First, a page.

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George Perles, citing health, resigns as MSU trustee
EAST LANSING, Mich. (AP) — George Perles has resigned as a member of Michigan State University’s governing board after nearly 12 years, citing his age and health.
Perles was a former Michigan State football coach and athletic director before winning election as a trustee in 2006. A Democrat, he was re-elected to an eight-year term in 2014.
The 84-year-old Perles has Parkinson’s disease, and he says the consequences “continue to grow.” In a statement dated Wednesday, he says he and wife Sally “need to make our life smaller as we age and consider our quality of life.”
Brian Breslin, chairman of the Michigan State board, suggested Gov. Rick Snyder would name a replacement and not leave it to the next governor, Gretchen Whitmer.
In September, a woman alleged that Perles covered up a rape allegation against sports doctor Larry Nassar when Perles was athletic director in 1992. Pat Perles called it a “fabrication” and insisted his father had never met the woman.
Boy could avoid prison in sister’s accidental fatal shooting
(Information from: The Muskegon Chronicle, http://www.mlive.com/muskegon)
MUSKEGON, Mich. (AP) — A 16-year-old boy could avoid a lengthy prison sentence for the accidental fatal shooting of his 14-year-old sister at their home in western Michigan.
The teen was charged as an adult in juvenile court following the Aug. 20 shooting in Muskegon Heights. The Muskegon Chronicle reports, however, that Muskegon County Probate Court Judge Kathy Hoogstra sentenced him Wednesday as a juvenile to at least a year in a residential treatment facility.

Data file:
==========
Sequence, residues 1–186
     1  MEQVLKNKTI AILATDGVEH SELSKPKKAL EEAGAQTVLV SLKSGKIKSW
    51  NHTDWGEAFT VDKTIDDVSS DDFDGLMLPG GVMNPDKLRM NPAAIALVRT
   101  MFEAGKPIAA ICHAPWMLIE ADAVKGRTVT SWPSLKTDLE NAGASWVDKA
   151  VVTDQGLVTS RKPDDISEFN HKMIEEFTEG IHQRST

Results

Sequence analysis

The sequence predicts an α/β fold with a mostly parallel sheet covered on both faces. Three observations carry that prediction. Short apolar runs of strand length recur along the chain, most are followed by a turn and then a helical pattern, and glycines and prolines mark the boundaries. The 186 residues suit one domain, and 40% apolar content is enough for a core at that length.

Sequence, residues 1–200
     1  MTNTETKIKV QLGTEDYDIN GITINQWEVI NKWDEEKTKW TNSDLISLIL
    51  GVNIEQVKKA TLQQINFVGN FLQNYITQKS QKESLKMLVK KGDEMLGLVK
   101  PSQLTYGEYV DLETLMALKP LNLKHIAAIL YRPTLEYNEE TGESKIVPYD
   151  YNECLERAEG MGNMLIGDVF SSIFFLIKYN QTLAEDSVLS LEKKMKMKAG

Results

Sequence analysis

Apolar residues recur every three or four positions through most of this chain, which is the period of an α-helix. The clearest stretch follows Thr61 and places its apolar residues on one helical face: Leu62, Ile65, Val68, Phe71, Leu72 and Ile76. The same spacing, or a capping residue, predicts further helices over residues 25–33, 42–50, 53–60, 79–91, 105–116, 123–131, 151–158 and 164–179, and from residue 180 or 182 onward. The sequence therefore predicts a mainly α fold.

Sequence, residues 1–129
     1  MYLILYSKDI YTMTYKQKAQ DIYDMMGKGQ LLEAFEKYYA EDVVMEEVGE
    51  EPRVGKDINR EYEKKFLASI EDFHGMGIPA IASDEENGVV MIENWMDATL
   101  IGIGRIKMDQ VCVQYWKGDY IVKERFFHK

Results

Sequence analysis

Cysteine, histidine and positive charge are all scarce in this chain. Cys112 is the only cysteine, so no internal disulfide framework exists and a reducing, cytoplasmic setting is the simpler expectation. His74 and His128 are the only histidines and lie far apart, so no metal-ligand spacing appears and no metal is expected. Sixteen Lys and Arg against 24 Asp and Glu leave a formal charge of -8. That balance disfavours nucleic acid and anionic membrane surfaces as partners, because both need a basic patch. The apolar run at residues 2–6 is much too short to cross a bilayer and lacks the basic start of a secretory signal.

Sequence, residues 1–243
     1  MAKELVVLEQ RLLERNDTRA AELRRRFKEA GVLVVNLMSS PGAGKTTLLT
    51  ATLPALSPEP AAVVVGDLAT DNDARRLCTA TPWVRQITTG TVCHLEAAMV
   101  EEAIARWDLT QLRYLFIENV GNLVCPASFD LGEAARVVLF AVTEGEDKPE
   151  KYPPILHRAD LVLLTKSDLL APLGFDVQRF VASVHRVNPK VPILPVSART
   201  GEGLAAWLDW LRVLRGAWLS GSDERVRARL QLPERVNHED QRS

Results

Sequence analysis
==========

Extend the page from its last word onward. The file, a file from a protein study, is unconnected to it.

The teen in October pleaded no contest to second-degree murder. If he successfully completes probation, he’ll avoid a 13-year prison sentence and the charge would be reduced to manslaughter.
Police say the boy was playing with a handgun when it discharged, shooting his sister in the back. The Associated Press isn’t naming the girl to avoid identifying her brother.
Woman enters plea in August crash that killed 9-year-old
PETOSKEY, Mich. (AP) — A woman is awaiting sentencing after entering a plea in a crash that killed a 9-year-old who was walking his bike with his mother along a road in Michigan’s northern Lower Peninsula.
Thirty-seven-year-old Holley Hibbler of Petoskey pleaded no contest Wednesday in an agreement with prosecutors to one count of reckless driving causing death. A no contest plea isn’t an admission of guilt but is treated as such for sentencing. The charge is punishable by up to 15 years in prison.
The crash happened the morning of Aug. 8 in Emmet County’s Springvale Township. Authorities say Hibbler hit Sharon Myers and her son Samuel as they walked their bikes. The boy was taken to a hospital, where he died, and his mother was injured. Hibbler wasn’t injured in the crash.
Bills to ease upgrade to 5G wireless systems go to governor
LANSING, Mich. (AP) — Bills designed to ease upgrades to 5G wireless systems in Michigan are heading toward Gov. Rick Snyder’s desk.